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Arkansas earthquakes: Would your insurance cover it?

In Arkansas seismologists say a 5.5 magnitude quake or higher along the southwest point of the New Madrid fault could cause damage in central Arkansas. But standard homeowner's insurance wouldn't cover it.
In Arkansas, seismologists say a 5.5 magnitude quake or higher along the southwest portion of the New Madrid fault could cause damage in central Arkansas. Since November we've seen 16 quakes, but none over magnitude 2.7.  However, experts say it's only a matter of time before a big one hits.

Standard homeowner's insurance wouldn't cover it. It can be a little scary when you consider all the homes built on hillsides in central Arkansas.

Celia Harkey grew up in Northeast Arkansas near the New Madrid fault line. "I can remember even as a small child living in Northeast Arkansas and we used to have tremors that used to be scary to me."

She feels safer in central Arkansas but learning that a 5.5 magnitude quake or higher along the southern portion of the New Madrid could impact us here, she's considering additional quake coverage. "With earthquakes you really don't know what the impact might be," Harkey said.

Haydar Al-Shukri with UALR has been studying earthquakes for years. He says there are 4 earthquake hotspots in the state, the worst being the 100 mile long New Madrid fault in Northeast Arkansas. It is the most likely to produce a major quake, possibly causing damage in Little Rock. Al-Shukri said if it is upwards of a magnitude 5.5 or 6 quake you can anticipate seeing some non-structural or structural damage here in parts of central Arkansas.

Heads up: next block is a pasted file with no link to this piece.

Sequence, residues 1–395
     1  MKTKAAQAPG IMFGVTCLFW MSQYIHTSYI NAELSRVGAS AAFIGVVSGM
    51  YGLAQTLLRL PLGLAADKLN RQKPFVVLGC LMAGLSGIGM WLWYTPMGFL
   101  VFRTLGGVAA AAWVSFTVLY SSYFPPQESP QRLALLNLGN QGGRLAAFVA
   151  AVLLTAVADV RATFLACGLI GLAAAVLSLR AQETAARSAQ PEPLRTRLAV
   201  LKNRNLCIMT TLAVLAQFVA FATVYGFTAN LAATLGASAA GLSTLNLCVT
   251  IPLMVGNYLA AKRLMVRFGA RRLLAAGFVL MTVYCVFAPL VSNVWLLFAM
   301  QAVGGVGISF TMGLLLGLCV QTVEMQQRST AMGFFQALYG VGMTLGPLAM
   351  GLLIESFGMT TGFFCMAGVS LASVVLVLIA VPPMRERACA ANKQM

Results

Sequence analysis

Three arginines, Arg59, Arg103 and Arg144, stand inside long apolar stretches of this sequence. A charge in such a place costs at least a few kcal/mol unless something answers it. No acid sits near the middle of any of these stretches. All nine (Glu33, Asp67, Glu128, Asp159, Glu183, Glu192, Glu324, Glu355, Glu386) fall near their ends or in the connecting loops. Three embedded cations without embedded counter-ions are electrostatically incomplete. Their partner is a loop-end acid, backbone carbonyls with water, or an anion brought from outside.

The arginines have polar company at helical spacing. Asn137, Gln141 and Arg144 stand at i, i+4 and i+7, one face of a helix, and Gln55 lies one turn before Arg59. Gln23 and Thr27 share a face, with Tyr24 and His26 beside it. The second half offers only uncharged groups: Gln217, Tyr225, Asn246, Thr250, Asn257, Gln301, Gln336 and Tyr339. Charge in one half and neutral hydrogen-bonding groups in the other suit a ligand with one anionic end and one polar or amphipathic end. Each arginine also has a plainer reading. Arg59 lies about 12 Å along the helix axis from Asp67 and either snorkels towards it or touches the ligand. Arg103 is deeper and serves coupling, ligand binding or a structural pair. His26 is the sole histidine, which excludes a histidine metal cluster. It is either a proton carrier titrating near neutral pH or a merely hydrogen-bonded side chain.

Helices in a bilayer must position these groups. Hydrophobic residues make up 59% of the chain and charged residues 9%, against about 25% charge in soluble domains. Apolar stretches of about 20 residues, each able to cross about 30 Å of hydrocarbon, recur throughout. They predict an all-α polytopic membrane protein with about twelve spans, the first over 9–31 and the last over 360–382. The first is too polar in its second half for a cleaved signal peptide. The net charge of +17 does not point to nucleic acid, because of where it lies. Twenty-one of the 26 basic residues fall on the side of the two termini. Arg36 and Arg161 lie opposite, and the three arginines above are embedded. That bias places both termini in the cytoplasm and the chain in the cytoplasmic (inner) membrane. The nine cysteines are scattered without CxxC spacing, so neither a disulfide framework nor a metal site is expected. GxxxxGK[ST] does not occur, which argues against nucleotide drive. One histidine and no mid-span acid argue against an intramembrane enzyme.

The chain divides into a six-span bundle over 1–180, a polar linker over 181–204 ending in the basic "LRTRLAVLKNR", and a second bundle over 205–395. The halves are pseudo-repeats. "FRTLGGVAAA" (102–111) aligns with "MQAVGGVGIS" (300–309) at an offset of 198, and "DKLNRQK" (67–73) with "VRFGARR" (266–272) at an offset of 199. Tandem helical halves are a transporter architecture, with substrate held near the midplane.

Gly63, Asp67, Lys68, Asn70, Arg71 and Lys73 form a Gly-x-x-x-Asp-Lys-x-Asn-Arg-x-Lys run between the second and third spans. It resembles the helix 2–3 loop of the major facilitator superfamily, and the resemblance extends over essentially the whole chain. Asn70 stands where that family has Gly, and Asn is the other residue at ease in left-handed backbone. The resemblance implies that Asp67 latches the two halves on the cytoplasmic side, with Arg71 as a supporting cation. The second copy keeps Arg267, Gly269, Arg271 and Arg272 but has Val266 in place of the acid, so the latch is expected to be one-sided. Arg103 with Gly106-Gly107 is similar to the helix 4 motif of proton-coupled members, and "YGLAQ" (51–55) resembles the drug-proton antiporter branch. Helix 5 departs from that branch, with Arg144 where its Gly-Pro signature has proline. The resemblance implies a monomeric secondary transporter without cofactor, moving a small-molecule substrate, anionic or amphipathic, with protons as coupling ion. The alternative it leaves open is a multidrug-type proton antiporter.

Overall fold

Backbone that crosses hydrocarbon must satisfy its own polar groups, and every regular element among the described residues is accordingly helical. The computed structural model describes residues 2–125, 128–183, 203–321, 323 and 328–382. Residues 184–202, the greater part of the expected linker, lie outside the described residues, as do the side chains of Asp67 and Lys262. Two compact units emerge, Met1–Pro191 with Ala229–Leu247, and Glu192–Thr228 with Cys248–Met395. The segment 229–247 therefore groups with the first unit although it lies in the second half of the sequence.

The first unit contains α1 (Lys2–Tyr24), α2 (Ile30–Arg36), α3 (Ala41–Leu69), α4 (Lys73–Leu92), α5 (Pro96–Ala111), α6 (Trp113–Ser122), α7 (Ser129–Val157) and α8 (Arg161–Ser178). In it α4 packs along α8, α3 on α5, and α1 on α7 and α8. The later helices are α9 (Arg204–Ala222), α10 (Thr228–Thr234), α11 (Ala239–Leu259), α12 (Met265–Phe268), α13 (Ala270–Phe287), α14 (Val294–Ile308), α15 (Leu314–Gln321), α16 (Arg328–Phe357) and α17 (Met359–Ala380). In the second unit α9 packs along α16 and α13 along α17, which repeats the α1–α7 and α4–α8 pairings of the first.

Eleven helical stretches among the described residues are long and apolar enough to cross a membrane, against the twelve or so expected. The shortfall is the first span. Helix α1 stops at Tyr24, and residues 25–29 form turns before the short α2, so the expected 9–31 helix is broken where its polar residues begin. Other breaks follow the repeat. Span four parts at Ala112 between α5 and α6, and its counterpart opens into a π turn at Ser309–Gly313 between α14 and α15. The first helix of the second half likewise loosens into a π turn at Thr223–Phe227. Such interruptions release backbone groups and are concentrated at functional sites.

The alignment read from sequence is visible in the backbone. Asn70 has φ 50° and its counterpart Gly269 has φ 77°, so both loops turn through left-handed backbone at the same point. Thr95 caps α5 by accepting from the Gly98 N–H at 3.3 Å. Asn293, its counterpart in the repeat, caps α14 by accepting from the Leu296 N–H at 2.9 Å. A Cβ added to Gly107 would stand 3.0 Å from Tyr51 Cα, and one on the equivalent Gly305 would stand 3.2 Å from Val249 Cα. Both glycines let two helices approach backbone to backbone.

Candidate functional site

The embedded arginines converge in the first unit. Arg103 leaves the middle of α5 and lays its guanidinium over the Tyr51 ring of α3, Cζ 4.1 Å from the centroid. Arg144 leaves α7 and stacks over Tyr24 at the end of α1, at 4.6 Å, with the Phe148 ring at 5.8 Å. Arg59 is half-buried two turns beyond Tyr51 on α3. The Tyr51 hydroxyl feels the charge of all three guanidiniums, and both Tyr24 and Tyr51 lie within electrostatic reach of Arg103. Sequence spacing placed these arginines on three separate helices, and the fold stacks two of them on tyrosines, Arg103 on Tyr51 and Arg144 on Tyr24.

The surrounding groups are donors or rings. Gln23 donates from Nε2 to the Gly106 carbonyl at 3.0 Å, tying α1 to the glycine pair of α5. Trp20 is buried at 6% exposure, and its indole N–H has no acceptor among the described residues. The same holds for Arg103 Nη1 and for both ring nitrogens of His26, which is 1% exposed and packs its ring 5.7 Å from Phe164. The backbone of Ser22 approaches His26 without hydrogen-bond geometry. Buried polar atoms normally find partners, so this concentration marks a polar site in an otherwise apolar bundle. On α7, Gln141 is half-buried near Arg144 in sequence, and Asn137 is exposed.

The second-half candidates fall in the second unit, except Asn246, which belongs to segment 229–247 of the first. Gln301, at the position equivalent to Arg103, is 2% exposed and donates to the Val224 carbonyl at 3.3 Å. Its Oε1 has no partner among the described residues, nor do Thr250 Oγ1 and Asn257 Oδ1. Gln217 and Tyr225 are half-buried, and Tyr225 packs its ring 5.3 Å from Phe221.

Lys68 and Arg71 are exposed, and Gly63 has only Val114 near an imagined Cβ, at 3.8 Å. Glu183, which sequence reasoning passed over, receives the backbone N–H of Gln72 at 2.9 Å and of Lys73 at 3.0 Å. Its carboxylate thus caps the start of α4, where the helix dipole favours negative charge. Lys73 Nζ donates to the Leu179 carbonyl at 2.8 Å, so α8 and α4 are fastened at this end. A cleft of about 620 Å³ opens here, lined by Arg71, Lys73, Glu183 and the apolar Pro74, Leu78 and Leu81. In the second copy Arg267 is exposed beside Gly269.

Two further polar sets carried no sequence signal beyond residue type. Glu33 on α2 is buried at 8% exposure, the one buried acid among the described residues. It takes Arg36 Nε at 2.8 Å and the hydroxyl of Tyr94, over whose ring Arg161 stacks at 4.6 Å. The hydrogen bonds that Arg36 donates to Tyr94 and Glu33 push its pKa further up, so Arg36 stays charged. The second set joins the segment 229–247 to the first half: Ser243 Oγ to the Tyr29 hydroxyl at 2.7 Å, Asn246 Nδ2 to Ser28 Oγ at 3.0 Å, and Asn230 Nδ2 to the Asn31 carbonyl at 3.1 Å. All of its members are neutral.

Arkansas Insurance commissioner Jay Bradford says quake coverage is so reasonable, $100 to $125 a year for a $100,000 home, he doesn't understand why more people don't get it. "It would be a very serious situation if we had an earthquake and someone didn't have coverage. It could be devastating personally," Bradford said.

Harkey's home is wood framed which is more tolerant to an earthquake. It would be flexible while a brick home would crack. Still, she says earthquake insurance is something everyone should consider. You never know what could happen here in the Natural State.

Only 7 percent of Arkansas insurance companies let you add earthquake coverage to your homeowner's policy. But other Arkansans are eligible for something called the Market Assistance Plan. That allows Arkansans who want earthquake insurance to go through a local broker to get a separate earthquake policy.

The most recent earthquake in Arkansas was on March 20th. It was a 2.4 magnitude quake in Manila, Arkansas in the northeast part of the state near the New Madrid fault line. Seismologists are also studying earthquake hotspots in Faulkner, Garland, and St. Francis counties.
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